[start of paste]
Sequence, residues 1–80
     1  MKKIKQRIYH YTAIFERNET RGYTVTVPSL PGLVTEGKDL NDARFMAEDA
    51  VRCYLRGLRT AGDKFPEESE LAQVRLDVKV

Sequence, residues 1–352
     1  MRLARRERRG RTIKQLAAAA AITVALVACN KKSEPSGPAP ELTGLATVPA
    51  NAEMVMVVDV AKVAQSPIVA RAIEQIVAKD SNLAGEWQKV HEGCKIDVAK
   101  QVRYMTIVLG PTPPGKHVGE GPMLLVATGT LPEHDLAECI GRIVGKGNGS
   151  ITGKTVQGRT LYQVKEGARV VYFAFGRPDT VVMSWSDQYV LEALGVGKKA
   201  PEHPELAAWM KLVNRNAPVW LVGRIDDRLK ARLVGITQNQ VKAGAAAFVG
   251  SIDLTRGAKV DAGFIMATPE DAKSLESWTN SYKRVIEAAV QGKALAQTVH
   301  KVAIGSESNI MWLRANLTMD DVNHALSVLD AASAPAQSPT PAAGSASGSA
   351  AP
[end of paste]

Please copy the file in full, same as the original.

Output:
Sequence, residues 1–80
     1  MKKIKQRIYH YTAIFERNET RGYTVTVPSL PGLVTEGKDL NDARFMAEDA
    51  VRCYLRGLRT AGDKFPEESE LAQVRLDVKV

Sequence, residues 1–352
     1  MRLARRERRG RTIKQLAAAA AITVALVACN KKSEPSGPAP ELTGLATVPA
    51  NAEMVMVVDV AKVAQSPIVA RAIEQIVAKD SNLAGEWQKV HEGCKIDVAK
   101  QVRYMTIVLG PTPPGKHVGE GPMLLVATGT LPEHDLAECI GRIVGKGNGS
   151  ITGKTVQGRT LYQVKEGARV VYFAFGRPDT VVMSWSDQYV LEALGVGKKA
   201  PEHPELAAWM KLVNRNAPVW LVGRIDDRLK ARLVGITQNQ VKAGAAAFVG
   251  SIDLTRGAKV DAGFIMATPE DAKSLESWTN SYKRVIEAAV QGKALAQTVH
   301  KVAIGSESNI MWLRANLTMD DVNHALSVLD AASAPAQSPT PAAGSASGSA
   351  AP